Tuesday, August 28, 2012

A Trek on Dissertation Mountain

"Mt. Fuji in Autumn."Gorota Kawai fl.ca. 1920-30s
O snail
Climb Mount Fuji,
But slowly, slowly!
                                                   --Kobayashi Issa

I am quite busy these days with dissertation writing. The good news is that I have, technically, written all of the chapters. The less than wonderful news is that I have a lot of revisions to finish. And that means that the next several weeks will be spent, in large part, obsessing about Virginia Woolf, Lytton Strachey, Vera Brittain, Siegfried Sassoon, and their literary friends and relations. When I feel overwhelmed at having to climb--or keep climbing--what I call Dissertation Mountain, I just think of myself as Issa's snail, tracing one little silvery dash behind him at a time. Mount Fuji can be climbed, even if slowly. And so can Dissertation Mountain.

Dora Carrington. Lytton Strachey, 1916. ©.NPG 6662

Another thing I do when I feel overwhelmed or disenchanted with this mountain of my making is to watch movies that have to do with my subject(s) or their time period while I work. It helps immensely to have the pleasant, undemanding, company of a familiar film while one types, deletes, has revelations, despairs, and returns to typing once again. One letter, one word on the blank page at a time, a veritable and virtual Mount Fuji slowly covered with the silvery snail tracks of my writing. The most important thing is to keep going!

My film of choice right now is one of my all-time favorites. I've been in love with it since I first saw it over ten years ago, as part of a spectacular Bloomsbury art show at the Yale Center for British Art. I've watched it time and again and even used it in a course I taught at Yale about Bohemians in literature from Shakespeare to Kerouac. It is Carrington. Now, Michael Holroyd's Lytton Strachey and Gretchen Gerzina's Dora Carrington: A Life offer many more details than any film could provide about the lives of the two incredible figures portrayed. However, if you are a Bloomsbury fan, a twentieth-century enthusiast, a (secret) Bohemian, a fashion history person, a literature and/or art scholar, or a period drama film-lover, then do watch this movie.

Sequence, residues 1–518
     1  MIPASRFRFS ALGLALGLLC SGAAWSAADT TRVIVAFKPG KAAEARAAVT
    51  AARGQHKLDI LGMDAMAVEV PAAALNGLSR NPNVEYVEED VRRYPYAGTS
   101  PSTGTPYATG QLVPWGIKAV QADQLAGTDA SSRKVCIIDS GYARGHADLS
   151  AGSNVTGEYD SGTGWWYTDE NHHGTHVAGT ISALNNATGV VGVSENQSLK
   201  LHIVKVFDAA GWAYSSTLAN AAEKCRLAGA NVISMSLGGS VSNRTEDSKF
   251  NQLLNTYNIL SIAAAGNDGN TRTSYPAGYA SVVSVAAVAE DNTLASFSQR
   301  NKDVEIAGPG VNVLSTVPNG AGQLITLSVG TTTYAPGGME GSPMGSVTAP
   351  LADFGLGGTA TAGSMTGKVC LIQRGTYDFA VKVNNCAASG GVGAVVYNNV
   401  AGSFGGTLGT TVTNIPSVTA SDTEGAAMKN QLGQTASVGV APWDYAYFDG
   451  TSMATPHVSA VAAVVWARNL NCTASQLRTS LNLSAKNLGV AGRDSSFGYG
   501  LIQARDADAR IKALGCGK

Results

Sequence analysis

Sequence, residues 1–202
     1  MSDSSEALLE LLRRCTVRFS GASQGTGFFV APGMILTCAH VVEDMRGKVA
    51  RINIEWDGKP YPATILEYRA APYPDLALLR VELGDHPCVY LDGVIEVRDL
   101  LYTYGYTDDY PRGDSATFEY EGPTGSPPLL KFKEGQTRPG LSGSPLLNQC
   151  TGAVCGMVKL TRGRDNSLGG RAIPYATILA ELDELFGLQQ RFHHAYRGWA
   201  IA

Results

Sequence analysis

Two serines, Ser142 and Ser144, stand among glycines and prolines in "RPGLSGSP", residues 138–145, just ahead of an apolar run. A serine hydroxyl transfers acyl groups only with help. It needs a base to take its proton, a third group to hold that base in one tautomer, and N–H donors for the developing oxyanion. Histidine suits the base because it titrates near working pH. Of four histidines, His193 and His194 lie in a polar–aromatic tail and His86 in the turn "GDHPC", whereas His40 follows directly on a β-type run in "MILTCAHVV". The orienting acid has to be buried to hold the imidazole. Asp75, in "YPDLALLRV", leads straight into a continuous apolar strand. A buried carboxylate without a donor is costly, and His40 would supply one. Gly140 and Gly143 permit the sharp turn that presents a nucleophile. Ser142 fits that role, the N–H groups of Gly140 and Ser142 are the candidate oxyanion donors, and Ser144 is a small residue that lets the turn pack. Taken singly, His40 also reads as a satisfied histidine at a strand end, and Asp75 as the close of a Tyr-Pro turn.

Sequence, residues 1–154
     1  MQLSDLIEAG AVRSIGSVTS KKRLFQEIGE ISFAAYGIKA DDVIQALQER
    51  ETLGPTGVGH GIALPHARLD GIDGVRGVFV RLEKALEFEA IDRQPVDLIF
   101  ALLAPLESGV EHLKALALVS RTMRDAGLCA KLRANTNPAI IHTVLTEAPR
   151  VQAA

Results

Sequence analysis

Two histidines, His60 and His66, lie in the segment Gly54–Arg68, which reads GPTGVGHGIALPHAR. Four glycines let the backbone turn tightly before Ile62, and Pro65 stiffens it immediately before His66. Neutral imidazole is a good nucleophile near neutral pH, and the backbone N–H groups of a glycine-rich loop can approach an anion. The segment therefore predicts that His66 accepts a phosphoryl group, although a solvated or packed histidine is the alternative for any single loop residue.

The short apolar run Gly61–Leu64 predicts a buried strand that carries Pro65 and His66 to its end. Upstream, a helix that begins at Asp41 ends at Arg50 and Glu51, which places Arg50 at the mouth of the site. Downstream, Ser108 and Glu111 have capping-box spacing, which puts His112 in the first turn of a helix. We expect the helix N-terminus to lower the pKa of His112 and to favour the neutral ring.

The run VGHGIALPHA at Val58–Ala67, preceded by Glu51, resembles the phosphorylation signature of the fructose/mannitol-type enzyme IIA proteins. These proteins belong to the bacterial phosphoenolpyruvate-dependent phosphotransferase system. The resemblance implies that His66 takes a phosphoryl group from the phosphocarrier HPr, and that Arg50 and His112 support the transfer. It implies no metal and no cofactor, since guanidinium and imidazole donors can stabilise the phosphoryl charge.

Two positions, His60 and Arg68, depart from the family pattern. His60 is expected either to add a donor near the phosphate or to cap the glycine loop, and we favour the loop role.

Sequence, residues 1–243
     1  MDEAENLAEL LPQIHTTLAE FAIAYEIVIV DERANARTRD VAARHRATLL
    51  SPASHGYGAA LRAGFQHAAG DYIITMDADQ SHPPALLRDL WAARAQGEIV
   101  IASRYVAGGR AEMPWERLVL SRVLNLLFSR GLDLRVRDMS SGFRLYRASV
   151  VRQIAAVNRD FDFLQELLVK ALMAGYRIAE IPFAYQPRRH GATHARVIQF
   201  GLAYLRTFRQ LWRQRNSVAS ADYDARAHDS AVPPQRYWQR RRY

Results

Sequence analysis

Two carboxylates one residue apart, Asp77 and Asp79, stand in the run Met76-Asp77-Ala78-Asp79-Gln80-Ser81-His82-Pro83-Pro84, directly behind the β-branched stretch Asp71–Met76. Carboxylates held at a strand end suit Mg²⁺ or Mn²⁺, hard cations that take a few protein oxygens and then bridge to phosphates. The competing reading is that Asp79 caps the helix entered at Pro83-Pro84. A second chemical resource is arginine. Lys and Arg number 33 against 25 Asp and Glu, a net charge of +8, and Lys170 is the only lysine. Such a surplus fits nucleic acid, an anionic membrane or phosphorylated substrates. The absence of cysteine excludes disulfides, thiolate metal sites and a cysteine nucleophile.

Carrington (1995)

I recall being annoyed when my own copy of Holroyd's Strachey arrived a few years ago, with the image of the film's stars as Strachey and Carrington emblazoned on its cover. As a rule, I do not approve of film posters as book covers or endorsements from modern authors on classic texts (among other things). But, much as I might not have liked receiving the Carrington-decorated copy of this beautiful biography, I do love this film. There are many reasons why I enjoy it so much. Sparing myself (and you) from too many of them, it's one of my favorites because it is about real people, an era, and art and writing in which I'm interested and, more broadly, because it's about human relationships that defy standard categories but are defined--wildly and genuinely--by love.

Enough, already. I must pack up this little encampment and seek higher ground on Dissertation Mountain. I hope you enjoy the film, the two biographies, or, if you are a fellow graduate student or writer or anyone with a mountain-like project in front of you, I hope that you can be inspired to keep climbing--but slowly, slowly!

© Fiona Robinson

1 comment:

  1. I do feel more inspired about my own diss after reading this post! (Great opening quote, BTW). Congratulations on almost being at the summit! I'll also have to check out "Carrington," it looks like a good movie. -Chloe